Piece by piece, press chipped china and tattered tiles into service to add color and whimsy in the great outdoors. Here are the steps to get you through a beginner project and beyond.
Found objects, such as seashells, give character to this sea turtle steppingstone. Using the glass insulator as the turtle’s head adds unexpected personality.
Mosaic portraiture has a long history from the architecture of the ancient Romans through the modernism of Antoni Gaudi. Nearby seashells suggest that the fierce face in this steppingstone represents a bearded Neptune.
Mosaics with raised patterns, like this octagonal octopus, can serve as steppingstones but work best as plaques propped upright or hung against a wall or fence.
Using a thick layer of mortar allows you to sink varying sized pieces into the matrix so that you get a flat surface.
Gather Your Materials
- Cracked or broken glass, china, ceramics
- Safety glasses
- Kraft paper
- 2 boards
- Tile nippers
- Wire cutters
- Wooden frame or heavy plastic form
- Fencing or baling wire
- Heavy plastic sheet or trash bag
- Chopsticks or popsicle sticks
- Large bucket
- Cement trowel
- 1 bag of Quikrete
- 1 cup of Portland cement (optional but recommended)
- Old towel
- Dish scrubber
Sketch a design, then using your sketch as a guide, draw an outline of your design on paper that will fit inside your mold frame (we used a square of 1x4s nailed together). Cut out the motif. Trace this onto another piece of paper and add details to guide tile placement. Keep it simple for best results.
Cover table with heavy plastic and place frame on it. Cut a piece of baling wire to fit within your mold frame and set aside.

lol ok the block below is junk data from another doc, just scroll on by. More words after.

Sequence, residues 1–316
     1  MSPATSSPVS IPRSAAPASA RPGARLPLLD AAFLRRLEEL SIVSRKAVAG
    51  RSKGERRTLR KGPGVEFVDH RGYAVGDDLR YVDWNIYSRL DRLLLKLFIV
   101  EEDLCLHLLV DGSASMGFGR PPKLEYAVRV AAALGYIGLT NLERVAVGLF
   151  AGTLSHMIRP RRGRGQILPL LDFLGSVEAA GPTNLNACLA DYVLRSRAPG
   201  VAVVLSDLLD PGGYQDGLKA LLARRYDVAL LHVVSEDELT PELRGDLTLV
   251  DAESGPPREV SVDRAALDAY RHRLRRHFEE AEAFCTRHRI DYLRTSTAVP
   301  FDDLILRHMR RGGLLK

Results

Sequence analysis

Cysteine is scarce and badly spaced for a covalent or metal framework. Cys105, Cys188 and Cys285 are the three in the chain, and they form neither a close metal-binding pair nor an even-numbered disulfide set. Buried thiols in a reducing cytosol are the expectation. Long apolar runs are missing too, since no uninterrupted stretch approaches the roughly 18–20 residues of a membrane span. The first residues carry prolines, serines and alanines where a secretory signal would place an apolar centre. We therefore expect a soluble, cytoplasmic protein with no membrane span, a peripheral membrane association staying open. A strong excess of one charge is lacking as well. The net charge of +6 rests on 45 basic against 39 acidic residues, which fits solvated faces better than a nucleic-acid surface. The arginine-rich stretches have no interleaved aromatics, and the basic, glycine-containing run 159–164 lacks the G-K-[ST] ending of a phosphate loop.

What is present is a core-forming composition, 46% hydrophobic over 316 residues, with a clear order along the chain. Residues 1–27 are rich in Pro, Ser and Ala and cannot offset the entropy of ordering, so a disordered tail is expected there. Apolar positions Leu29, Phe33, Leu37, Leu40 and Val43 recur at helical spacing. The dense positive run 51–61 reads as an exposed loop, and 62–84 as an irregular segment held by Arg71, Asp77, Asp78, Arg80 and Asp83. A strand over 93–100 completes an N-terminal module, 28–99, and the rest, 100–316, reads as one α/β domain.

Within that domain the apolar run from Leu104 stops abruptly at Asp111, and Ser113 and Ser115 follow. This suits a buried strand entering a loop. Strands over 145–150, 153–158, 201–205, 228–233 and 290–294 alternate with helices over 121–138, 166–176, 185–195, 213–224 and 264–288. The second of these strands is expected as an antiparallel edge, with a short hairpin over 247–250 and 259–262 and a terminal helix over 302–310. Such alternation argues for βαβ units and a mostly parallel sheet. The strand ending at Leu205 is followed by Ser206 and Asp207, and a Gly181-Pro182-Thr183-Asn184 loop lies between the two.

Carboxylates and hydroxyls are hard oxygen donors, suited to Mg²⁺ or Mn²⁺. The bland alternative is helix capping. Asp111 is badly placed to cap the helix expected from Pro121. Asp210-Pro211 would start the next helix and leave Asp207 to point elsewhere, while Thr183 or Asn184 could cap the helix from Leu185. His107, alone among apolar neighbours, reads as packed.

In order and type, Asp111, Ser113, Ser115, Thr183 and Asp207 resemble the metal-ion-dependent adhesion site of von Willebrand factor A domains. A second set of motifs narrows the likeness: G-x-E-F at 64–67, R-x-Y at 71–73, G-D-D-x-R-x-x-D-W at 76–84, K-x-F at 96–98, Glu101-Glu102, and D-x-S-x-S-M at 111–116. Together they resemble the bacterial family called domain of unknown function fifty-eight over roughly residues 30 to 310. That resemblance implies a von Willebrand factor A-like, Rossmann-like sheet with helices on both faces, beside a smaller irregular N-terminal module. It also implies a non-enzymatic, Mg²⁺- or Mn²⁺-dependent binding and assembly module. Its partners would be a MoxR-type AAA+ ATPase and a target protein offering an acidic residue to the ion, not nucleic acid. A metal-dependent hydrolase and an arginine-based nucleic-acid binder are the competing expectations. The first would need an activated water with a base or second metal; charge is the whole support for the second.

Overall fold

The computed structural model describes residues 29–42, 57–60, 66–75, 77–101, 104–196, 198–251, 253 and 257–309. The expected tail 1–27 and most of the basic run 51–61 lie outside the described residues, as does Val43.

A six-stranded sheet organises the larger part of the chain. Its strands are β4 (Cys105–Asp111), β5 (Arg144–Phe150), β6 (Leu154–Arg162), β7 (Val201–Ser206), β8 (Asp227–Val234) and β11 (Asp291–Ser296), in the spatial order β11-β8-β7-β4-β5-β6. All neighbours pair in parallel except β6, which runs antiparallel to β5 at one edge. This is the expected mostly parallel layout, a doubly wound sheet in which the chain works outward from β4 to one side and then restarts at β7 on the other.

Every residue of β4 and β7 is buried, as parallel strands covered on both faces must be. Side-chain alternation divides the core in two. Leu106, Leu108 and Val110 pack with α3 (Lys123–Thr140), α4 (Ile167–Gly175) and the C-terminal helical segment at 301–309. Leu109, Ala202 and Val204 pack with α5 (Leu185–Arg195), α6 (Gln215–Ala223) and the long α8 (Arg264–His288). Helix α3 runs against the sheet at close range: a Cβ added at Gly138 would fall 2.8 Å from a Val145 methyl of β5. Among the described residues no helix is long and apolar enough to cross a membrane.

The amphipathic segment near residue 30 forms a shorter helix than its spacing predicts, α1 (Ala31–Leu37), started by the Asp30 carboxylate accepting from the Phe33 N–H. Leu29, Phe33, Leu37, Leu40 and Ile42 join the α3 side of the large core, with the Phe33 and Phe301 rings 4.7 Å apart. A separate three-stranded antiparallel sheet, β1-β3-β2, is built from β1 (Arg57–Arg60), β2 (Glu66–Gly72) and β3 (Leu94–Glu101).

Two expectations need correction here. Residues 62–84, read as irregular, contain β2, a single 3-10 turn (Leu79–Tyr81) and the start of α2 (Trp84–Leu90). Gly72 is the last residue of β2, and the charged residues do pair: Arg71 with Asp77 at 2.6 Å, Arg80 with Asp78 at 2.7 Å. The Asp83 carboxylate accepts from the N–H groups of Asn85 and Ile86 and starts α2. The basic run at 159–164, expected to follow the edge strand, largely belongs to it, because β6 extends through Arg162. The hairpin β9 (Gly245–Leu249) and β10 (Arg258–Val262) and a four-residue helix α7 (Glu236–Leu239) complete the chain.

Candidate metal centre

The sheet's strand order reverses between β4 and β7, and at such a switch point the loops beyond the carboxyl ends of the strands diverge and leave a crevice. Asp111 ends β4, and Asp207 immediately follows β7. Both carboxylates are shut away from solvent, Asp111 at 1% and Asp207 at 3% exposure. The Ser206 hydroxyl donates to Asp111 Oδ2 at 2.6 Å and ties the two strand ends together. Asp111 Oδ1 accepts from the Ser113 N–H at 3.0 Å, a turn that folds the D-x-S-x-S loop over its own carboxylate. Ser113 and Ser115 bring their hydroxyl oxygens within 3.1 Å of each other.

Place kraft paper design on table with your original sketch and arrange mosaic pieces to create your image.
Wearing gloves and safety glasses, break ceramic objects into small tiles as needed by placing objects on plywood and covering with another piece of wood. Gently tap with a hammer. Trim smaller pieces with nippers or glasscutter if necessary.
Lay out your pieces and settle your design BEFORE mixing up the cement. Generally, once it’s mixed it sets up quickly.
Add all the edging pieces and embellishments to finish your pattern. As you work on placing pieces, give your motif the squint test to see if you’ve got enough contrast between tiles to make your design clear.
Mix Quikrete in a bucket according to package directions. Stir in a cup of Portland cement for added strength. Mix up only enough concrete to fill one mold at a time.
Consistency should be a soft paste—do not over-mix.
Fill your frame half full with concrete and level.
Place baling or fencing wire flat on top of the concrete in the mold.
Add another layer of concrete into the mold.
Tap the frame gently with a hammer to remove air bubbles in the concrete mix. Wait a few minutes to allow the concrete to firm up a bit. This will keep your objects from sinking too far into the mix as you work.
Press tile into wet concrete at the corner of the mold to determine the correct placement for your paper motif outline.
Place your cut-out design outline on top of the concrete and trace it lightly into the concrete with a popsicle stick or chopstick.
Quickly transfer your mosaic pieces from the paper to the concrete and gently tap into place with a stick.
When everything is placed, cover the mold with an old towel, blot the surface of the steppingstone, and allow it to set overnight.
After 24 hours, scrub off the top of the tiles with a dish scrubber to remove any stray bits of concrete that may be obscuring your tile surfaces.
For defined edges, clean tiles off with your popsicle or chopstick. Keep your steppingstone moist for two days. Mist it with water once or twice a day and keep it covered. This will prevent it from drying too quickly and give it added strength.
Leave your stone to set for four days before attempting to remove it from the mold. When ready to remove, tap the insides of the mold gently with a hammer to loosen the frame.
Let your stone cure for at least another week before placing it in the garden. Place in your lawn so that no more than ½-inch of the steppingstone is above ground. This will make it safe for people walking, for mowing, and will help prevent the stone from cracking.
Project by Melanie Grand
Photography by Iris Wylie
© Caruth Studio